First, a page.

LDS Church members with special needs aren't left out when it comes to fun activities and the chance to earn Duty to God, do Scouting and earn Young Women's Recognition Awards.
In the Ogden area, there are four different Special Needs Mutual groups, divided among about 30 stakes. The same system is set up in different areas throughout the world, and the special needs mutual program has been going strong for more than 30 years.
Jim and Stacy VanHook are called to be the Young Men and Young Women presidents for the Weber North area, which comprises eight stakes and about 40 people who have special needs -- some with physical disabilities, but a majority with mental disabilities, Jim said.
He and his wife have been involved with the group, which meets every Thursday night in Shadow Valley, for several years, but have been the leaders only since October. They have found the calling both rewarding and sometimes challenging, but they wouldn't trade it.
"It's a program set up to provide services and advancement as well as spiritual learning and activities for those individuals that need to participate at a different pace," Stacy said.
Those attending the Special Needs mutual must be at least 12, but the age range has no maximum.
Men in the program participate in Scouting and can earn an Eagle rank, and women in the program can earn their Recognition Award, an award that combines scripture study, service projects and personal development over the course of the time a girl is in the Young Women's program. Besides having no age limit, the guidelines also are a little different.
"It's not easier, but it is just different," Stacy said of the programs. She loves watching the members' learning and growth.
One of the ladies she works with cannot verbalize her thoughts and feelings, so to pass off her Young Women's goals Stacy has to ask pointed questions to help her understand.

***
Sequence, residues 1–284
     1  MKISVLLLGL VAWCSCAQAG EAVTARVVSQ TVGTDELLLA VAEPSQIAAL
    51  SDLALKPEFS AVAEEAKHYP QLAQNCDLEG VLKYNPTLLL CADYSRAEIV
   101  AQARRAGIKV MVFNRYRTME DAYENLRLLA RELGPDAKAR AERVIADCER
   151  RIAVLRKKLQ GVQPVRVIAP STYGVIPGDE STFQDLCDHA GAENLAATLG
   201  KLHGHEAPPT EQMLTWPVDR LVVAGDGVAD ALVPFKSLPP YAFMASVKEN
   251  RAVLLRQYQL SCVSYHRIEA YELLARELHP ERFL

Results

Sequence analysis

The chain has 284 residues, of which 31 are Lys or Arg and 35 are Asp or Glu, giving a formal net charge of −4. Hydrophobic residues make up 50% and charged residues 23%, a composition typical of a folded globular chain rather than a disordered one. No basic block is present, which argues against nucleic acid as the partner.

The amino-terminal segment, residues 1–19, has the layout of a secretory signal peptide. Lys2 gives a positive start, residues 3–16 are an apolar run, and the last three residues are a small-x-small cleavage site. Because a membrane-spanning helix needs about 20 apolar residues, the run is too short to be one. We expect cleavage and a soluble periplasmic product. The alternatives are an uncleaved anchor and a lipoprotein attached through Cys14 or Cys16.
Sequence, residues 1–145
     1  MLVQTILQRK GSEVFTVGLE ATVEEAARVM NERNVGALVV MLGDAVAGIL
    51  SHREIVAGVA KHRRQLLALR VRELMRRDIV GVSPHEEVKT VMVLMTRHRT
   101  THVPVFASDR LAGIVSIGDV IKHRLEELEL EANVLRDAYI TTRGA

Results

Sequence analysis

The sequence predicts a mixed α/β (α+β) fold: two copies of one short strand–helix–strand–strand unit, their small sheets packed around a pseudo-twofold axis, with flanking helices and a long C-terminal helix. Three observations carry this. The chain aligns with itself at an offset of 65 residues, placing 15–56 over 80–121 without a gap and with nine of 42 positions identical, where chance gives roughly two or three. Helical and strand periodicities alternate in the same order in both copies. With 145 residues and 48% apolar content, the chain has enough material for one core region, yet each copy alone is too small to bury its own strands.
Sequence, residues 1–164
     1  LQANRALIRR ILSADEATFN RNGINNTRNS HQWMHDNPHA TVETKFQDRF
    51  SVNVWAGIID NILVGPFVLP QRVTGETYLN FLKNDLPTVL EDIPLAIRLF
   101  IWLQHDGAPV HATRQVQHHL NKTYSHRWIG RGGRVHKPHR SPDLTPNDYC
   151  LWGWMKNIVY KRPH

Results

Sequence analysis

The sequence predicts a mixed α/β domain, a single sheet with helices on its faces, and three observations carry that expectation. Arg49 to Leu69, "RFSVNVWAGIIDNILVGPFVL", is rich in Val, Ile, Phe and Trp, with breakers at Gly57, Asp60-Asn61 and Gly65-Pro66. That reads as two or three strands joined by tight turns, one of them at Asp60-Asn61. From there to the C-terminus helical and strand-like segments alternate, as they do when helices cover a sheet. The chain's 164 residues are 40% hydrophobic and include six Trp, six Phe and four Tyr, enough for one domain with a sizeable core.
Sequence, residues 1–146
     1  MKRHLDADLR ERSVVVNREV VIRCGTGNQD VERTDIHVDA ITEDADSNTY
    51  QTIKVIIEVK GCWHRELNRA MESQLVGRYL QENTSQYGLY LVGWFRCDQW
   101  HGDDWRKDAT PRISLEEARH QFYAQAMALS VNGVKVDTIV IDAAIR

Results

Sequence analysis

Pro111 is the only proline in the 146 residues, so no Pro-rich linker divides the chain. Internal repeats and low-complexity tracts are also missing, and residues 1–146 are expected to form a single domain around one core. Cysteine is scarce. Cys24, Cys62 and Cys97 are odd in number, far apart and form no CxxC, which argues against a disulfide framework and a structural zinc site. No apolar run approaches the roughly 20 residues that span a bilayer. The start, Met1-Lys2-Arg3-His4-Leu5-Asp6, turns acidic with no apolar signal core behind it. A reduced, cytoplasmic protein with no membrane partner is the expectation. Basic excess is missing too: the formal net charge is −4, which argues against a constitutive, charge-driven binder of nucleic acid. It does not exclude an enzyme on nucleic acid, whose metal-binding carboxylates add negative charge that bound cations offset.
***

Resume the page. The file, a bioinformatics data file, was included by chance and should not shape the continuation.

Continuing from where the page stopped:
"I have learned to rely on promptings to know how to communicate with her. It has been amazing, the experiences we've had together," she said.
About 20 people are called to help with the mutual in the Weber North area, which is about the norm for the other areas as well, Jim said. Although that sounds like a lot, many of the members need one-on-one attention.
They also meet each year with representatives from each stake to set up a schedule for youth groups from different wards in the stake to come in each month and work with the Special Needs Mutual.
Jim and Stacy have also attended trainings in Salt Lake City that some stakes have held to help facilitate the special needs groups -- opportunities Jim feels have been very valuable.
He has noticed that the church is working to make sure all of the groups throughout the church are starting to run their programs together more, which will be helpful, he said.
The guidelines have been broader, which is OK because each group is different, he said, but it is also good for everyone to be on the same page.
Jim and Stacy look forward to Thursday nights. As Jim says: "It is a place where you know you are needed and you are really making a difference for people."